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What the Bible says about Speech Impediment
(From Forerunner Commentary)

Mark 7:32

The man's deafness was absolute; he could hear nothing. This greatly limited him, especially in those days when sign language and other communication helps did not exist as prominently as they do today. The poor had no access to speech therapists, and the medical practices of the time offered no hope at all.

His deafness also put him in danger, as people use their hearing more than they realize to avoid harm. Spiritual deafness is no different: When we cannot hear or refuse to hear the Word of God, we endanger ourselves greatly, not hearing the warnings of God's ministers against the enticement and pull of sin and its curses and penalties. While physical deafness is a very limiting disability, it does not normally lead to death, but spiritual deafness is infinitely worse, leading to eternal death.

The man was almost entirely mute except for a speech impediment that kept him from communicating with others verbally. The word "impediment" in Mark 7:32 does not mean he could not make any sounds but that he had great difficulty in speaking. He could make sounds with his mouth, but they came across as gibberish. Mark's account states that Jesus "loosed" the man's tongue, which may indicate that the problem was a birth defect.

Deafness and dumbness are often associated because humans learn to speak by hearing. A person who cannot hear his own voice or the voices of others has difficulty with pronunciation. If a person becomes deaf later in life, he will be able to speak much better than one born deaf or who loses his hearing as a child.

The relationship between the inability to speak and deafness pictures some of sin's effects. Those who are deaf to the Word of God will have great difficulty speaking properly of spiritual matters. Even the most educated sinner betrays an impediment in his speech as soon as spiritual truths are introduced, but when he opens his ears to receive the truth, his spiritual speech will improve greatly and continually. Just as Jesus physically healed the man to enable him to hear, He must spiritually heal us so that we can understand God's Word (see John 8:47; I Corinthians 2:9-14).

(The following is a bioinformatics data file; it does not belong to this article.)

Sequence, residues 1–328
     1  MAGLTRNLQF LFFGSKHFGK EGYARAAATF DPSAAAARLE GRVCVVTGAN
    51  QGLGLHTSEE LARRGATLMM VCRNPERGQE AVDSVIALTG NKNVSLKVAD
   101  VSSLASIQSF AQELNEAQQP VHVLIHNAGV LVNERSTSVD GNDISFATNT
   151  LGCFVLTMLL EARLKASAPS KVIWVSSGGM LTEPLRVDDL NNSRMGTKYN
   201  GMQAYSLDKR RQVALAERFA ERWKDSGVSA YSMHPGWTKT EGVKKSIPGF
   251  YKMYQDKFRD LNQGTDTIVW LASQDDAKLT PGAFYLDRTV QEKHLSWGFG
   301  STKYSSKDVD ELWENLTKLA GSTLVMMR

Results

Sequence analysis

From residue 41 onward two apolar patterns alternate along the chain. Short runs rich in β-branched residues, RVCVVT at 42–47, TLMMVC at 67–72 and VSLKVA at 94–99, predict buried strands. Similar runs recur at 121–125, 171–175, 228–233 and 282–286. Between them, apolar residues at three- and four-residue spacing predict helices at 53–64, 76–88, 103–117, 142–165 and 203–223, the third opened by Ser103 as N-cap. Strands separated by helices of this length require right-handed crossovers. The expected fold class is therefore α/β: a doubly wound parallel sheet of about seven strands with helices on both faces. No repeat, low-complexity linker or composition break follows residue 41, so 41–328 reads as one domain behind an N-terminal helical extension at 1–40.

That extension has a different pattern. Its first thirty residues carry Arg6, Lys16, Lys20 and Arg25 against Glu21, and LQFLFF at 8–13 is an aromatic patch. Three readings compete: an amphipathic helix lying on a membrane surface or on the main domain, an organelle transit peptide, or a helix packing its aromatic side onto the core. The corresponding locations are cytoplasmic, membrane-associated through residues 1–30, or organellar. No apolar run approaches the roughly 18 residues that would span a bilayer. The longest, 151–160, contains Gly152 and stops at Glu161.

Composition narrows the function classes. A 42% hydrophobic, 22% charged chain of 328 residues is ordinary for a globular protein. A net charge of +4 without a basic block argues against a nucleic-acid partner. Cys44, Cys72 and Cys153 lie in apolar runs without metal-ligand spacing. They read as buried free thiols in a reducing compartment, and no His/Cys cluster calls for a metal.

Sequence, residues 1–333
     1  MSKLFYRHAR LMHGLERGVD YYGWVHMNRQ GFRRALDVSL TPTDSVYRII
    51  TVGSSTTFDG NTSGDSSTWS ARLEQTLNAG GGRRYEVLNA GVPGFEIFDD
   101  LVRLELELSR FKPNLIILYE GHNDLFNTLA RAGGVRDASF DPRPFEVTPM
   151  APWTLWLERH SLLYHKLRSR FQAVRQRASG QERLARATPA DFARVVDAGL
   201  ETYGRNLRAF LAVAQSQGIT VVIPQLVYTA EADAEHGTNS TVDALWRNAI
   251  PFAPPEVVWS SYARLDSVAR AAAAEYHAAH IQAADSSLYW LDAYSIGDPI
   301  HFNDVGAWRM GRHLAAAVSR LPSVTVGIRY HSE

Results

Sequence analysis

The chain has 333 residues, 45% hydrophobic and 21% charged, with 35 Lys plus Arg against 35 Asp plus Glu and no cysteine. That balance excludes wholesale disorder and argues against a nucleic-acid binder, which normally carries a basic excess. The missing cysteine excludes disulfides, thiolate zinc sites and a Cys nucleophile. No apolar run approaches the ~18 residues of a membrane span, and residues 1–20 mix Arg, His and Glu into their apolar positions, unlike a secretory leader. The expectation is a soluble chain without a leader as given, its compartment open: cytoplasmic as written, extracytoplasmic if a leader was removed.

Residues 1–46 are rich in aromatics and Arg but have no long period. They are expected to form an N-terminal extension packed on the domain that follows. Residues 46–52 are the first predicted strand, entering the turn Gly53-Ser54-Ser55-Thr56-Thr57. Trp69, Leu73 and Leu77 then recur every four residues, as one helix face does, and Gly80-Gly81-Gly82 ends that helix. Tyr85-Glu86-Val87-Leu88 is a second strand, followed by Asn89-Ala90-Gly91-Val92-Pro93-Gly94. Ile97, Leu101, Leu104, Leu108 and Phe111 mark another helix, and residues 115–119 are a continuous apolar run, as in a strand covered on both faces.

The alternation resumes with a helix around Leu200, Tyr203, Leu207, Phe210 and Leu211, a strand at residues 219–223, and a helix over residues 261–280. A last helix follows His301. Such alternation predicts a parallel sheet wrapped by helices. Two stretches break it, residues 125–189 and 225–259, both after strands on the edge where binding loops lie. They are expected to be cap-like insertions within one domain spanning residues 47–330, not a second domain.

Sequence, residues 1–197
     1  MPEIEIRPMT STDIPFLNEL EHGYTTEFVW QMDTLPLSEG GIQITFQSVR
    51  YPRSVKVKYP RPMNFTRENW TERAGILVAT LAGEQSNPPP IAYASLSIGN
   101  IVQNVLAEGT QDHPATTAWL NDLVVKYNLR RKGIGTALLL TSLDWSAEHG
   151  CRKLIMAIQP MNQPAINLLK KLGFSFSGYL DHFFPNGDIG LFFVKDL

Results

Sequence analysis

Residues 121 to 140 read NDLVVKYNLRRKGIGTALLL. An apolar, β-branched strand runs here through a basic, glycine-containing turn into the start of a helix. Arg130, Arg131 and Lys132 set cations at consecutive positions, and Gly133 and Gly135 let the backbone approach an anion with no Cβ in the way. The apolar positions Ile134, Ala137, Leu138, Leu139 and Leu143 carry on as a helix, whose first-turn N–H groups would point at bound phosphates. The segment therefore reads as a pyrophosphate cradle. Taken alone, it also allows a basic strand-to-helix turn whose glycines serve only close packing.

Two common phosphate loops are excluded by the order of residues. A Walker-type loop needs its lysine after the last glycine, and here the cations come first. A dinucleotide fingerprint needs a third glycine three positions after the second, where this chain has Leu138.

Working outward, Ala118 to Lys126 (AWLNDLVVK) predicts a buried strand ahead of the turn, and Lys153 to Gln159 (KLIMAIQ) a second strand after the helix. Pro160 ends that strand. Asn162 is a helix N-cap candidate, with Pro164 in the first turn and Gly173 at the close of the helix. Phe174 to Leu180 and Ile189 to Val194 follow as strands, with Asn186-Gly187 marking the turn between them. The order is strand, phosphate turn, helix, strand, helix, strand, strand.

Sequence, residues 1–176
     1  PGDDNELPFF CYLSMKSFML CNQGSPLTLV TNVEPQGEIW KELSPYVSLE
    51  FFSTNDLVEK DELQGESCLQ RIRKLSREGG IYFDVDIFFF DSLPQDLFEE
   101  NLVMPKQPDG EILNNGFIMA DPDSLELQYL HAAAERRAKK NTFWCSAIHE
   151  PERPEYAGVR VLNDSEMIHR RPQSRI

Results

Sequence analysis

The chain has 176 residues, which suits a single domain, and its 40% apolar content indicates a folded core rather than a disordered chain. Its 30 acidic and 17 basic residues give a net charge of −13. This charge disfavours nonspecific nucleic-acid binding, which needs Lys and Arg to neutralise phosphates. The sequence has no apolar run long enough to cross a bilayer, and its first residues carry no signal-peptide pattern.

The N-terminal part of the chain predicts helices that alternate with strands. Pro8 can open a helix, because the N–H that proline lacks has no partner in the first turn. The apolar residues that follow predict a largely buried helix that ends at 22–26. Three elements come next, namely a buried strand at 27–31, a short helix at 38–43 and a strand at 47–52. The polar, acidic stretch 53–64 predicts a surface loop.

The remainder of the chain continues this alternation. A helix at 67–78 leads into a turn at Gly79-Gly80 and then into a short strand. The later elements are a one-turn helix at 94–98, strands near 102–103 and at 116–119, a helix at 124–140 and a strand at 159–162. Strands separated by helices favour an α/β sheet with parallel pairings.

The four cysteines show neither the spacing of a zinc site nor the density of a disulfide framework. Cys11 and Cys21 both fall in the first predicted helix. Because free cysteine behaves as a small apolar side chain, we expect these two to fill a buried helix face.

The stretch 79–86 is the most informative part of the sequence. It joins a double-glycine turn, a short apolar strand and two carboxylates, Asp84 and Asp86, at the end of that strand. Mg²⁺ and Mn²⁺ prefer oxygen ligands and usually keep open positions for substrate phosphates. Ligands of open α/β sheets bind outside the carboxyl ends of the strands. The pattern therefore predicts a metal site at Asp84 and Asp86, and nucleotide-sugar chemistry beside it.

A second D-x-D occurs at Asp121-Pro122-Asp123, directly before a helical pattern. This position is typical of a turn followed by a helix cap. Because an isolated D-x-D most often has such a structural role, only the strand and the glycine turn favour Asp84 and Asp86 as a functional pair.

Martin G. Collins
The Miracles of Jesus Christ: Healing a Deaf-Mute (Part One)

Mark 7:33

Jesus takes the man aside from the crowd to show tender consideration for the feelings of one for whom life was very difficult. Once they are alone, the first thing Jesus does is to put His fingers in the man's ears. They must be healed if the tongue is to work normally, since the man was mute because he could not hear. This symbolic action sends a clear message to the deaf man, helping to awaken his faith and to alert him to the expectation of healing. Since he could not hear encouragement, it had to come from a compassionate touch.

For us, we learn that it is good for us to be alone in God's presence, away from the busy cacophony of a confused world, which is never conducive to spiritual reflection (Ecclesiastes 3:7). In the quiet of God's presence, we can build and improve our personal relationship with Him (Psalm 46:10). Each person needs time alone with the Father to keep a sharp focus on Him. Jesus instructs, "When you pray, go into your room, and when you have shut your door, pray to your Father who is in the secret place; and your Father who sees in secret will reward you openly" (Matthew 6:6-7).

The popular belief at that time was that saliva had medicinal properties. This case and the healing of the blind man at Bethsaida (Mark 8:22-26; John 9:6) are the only instances where Jesus uses popular medical remedies in healing. However, He did not use His saliva for any medicinal virtue it contained but as a symbol of the spiritual power within Him and emanating from Him. By Christ's touch, the man was shown that the power to heal both his deafness and speech impediment completely came from Jesus. Even with this healing, the man would have to be willing to hear God's words; if not, he would waste his healing and the grace of God (Acts 28:26-28).

The account shows us that Jesus does not consider the deaf-mute as merely another case but as an individual. The man had a special need and a special problem, and with tender consideration, Jesus deals with him in a way that spares his feelings and helps him to understand.

When the healing becomes known, the people declare that He had done all things well (literally "beautifully"), which is also God's verdict on His creation (Genesis 1:31). In the beginning, everything was very good, but mankind's sins have spoiled it ever since. When Jesus came, bringing healing and salvation to the people, He brought the work of spiritual creation, beginning with His church. One day soon, Christ will bring back God's beauty to the whole world.

Martin G. Collins
The Miracles of Jesus Christ: Healing a Deaf-Mute (Part Two)


 




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